for this study since the hypotheses tested for a relationship among the variables of newly staffed accounting graduates and corporate scandals. Table 5 Pearson’s correlation ECQ Variables Awareness of Egoism Benevolence Principle Corp Scandals 1. Egoism .341** 2. Benevolence .116 .395** 3. Principle .488** .378** .537** Note. N=76 **. Correlation is significant at the 0.01 level (2-tailed).
Hypothesis 1 Pearson’s correlation was conducted to determine if a statistical significance existed. The r-values were highly significant at .01. The three hypotheses are presented above in Table 5 .The null hypotheses were expressed as H1. Hypothesis 1 began with looking to see if there was a relationship between the ethical perceptions of egoism and the unethical behaviors of corporate leaders. H1: There is no relationship between ethical perceptions (egoism) of newly staffed accountants and the unethical behaviors of corporate leaders. Hypothesis 1 shows that there was a statistical significance reported with an r-value of .341 among the newly staffed accounting graduates and their ethical perceptions in light of the recent unethical behaviors of corporate leaders. The researchers were 95% confident that a statistical relationship existed. Therefore, the null hypothesis was rejected that there were no relationship between ethical perceptions (egoism) of newly staffed accountants and the unethical behaviors of corporate leaders.
Hypothesis 2 Pearson’s correlation was conducted to determine if a statistical significance existed. The r-values were not significant at .05. The three hypotheses are presented above in Table 5 .The null hypotheses were expressed as H2. Hypothesis 2 began with looking to see if there was a relationship between the ethical perceptions of benevolence and the unethical behaviors of corporate leaders. H2: There is no relationship between ethical perceptions (benevolence) of newly staffed accountants and the unethical behaviors of corporate leaders.
Hypothesis 2 showed that there was no statistical significance reported with an r-value of .116, which was greater than .05. The researcher was 95% confident that a statistical difference did not exist among the newly staffed accounting graduates and their ethical perceptions in light of the recent unethical behaviors of corporate leaders. Therefore, the null hypothesis was accepted and the alternative hypothesis was rejected that there was a statistical relationship (benevolence) of newly staffed accountants and the unethical behaviors of corporate leaders.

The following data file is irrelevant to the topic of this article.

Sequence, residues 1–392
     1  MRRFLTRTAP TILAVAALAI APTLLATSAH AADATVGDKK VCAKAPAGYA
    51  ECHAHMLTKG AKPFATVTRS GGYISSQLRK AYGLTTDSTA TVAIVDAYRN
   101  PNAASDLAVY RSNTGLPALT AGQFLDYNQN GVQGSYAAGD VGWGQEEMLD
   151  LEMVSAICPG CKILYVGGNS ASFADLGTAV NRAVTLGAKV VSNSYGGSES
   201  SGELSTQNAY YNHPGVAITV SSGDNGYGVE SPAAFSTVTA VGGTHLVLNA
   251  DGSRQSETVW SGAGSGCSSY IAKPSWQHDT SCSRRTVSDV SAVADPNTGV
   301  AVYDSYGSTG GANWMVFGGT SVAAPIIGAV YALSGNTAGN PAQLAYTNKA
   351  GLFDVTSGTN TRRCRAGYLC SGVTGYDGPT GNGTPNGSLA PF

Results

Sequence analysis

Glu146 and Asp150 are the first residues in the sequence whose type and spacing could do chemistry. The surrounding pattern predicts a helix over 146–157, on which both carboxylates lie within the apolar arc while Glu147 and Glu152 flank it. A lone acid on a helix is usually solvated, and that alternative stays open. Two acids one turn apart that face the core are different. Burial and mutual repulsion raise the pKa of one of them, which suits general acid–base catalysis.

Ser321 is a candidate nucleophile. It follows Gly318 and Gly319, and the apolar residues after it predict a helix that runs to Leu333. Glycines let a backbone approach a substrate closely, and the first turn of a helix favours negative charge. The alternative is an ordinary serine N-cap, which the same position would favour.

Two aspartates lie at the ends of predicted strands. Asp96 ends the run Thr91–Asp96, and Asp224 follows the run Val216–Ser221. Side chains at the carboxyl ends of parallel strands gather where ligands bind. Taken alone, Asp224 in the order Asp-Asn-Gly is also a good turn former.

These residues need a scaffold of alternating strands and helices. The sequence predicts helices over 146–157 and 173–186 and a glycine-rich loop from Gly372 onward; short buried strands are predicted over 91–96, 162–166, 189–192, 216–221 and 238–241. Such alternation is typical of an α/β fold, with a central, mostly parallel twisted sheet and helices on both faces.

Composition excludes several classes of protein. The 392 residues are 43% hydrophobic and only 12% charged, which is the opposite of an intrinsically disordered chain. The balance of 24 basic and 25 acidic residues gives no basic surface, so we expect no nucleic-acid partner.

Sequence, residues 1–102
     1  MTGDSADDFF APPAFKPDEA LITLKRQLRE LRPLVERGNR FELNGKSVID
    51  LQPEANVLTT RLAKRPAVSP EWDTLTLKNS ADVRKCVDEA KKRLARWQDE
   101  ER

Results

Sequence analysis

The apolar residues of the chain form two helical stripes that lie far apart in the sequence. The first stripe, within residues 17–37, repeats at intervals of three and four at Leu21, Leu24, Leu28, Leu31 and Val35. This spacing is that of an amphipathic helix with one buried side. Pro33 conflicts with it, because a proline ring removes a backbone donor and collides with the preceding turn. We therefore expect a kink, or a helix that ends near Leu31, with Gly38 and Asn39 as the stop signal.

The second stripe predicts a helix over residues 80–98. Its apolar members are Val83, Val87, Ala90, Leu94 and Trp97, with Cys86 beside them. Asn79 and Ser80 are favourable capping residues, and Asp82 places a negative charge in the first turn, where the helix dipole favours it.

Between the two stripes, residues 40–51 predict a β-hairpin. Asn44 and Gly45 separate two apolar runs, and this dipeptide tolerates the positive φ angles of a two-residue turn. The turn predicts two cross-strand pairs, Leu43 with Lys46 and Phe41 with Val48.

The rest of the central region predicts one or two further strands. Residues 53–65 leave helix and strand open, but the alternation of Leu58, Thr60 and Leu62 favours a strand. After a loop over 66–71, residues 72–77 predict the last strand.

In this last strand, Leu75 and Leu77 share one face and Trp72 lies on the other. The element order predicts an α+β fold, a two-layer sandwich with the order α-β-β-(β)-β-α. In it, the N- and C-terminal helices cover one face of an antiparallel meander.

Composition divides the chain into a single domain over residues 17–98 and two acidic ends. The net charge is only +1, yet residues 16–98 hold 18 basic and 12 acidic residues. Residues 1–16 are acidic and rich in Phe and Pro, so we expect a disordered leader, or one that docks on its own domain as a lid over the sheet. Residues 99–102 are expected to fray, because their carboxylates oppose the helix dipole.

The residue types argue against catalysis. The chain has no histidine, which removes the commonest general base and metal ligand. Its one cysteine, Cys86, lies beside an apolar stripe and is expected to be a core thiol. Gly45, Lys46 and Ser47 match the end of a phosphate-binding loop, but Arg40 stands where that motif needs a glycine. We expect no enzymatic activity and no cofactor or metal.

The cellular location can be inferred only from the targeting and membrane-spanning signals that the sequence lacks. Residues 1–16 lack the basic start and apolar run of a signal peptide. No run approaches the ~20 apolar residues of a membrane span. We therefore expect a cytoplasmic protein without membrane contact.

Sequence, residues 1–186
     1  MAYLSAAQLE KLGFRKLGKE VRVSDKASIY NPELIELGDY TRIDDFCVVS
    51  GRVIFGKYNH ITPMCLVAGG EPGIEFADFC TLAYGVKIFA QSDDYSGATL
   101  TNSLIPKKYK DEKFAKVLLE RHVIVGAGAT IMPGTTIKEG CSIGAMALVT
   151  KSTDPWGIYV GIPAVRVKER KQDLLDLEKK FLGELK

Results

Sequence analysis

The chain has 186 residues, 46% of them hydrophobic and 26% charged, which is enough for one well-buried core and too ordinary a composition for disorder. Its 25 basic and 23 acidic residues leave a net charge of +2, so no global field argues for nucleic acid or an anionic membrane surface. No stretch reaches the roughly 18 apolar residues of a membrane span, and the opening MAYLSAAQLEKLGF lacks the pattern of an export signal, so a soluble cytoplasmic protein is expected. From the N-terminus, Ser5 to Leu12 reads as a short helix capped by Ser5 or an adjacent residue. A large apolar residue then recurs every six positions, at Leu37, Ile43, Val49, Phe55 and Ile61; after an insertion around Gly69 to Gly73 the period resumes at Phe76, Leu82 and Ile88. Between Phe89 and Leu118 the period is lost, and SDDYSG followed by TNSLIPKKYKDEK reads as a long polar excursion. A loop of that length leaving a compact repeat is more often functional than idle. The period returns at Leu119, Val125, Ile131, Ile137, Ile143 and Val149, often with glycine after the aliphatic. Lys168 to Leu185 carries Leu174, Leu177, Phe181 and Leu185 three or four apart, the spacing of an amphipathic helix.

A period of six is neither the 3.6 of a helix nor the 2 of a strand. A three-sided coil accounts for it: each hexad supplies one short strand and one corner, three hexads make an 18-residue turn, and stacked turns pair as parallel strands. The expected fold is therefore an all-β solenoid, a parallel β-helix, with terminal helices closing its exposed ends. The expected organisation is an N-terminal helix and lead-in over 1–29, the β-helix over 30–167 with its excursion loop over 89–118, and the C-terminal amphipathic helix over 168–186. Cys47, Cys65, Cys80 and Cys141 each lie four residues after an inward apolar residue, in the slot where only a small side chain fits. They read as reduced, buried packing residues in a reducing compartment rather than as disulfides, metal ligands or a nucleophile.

Hypothesis 3 Pearson’s correlation was conducted to determine if a statistical significance existed. The r-values were highly significant at .01. The three hypotheses are presented above in Table 5 .The null hypotheses were expressed as H3. Hypothesis 3 began with looking to see if there was a relationship between the ethical perceptions of principle and the unethical behaviors of corporate leaders. H3: There is no relationship between ethical perceptions (principle) of newly staffed accountants and the unethical behaviors of corporate leaders. Hypothesis 3 showed that there was a highly statistical significance reported with an rvalue of .488 among the newly staffed accounting graduates and their ethical perceptions in light of the recent unethical behaviors of corporate leaders. The researchers were 95% confident that a statistical relationship existed. Therefore, the null hypothesis was rejected that there was no relationship between ethical perceptions (egoism) of newly staffed accountants and the unethical behaviors of corporate leaders. Therefore, the null hypothesis was rejected that there were no relationship between ethical perceptions (principle) of newly staffed accountants and the unethical behaviors of corporate leaders.
Conclusion and Implications The study established that a relationship existed for H1 and H3 of newly staffed accountants and the unethical behaviors of corporate leaders. Overall, newly staffed accountants are more likely to be aware of the importance of ethical behavior as a result of the demise of some large corporations, the ripple effect of these catastrophes on the economy, and the judicial consequences of perpetrating the financial fraud. This study also had some limitations. The researchers only compared the relationships between newly staffed accountants and the unethical behaviors of corporate leaders. It is possible that comparing GPA, gender, employment, and taking an ethics class may turn out a different outcome. However, based on the findings and conclusion of this research, it is suggested that business school programs, especially accounting, should continue to emphasize ethical and moral issues in their respective programs. Accounting professors, in the opinion of the authors, should devote more time to raising students’ awareness of ethical issues in the classrooms.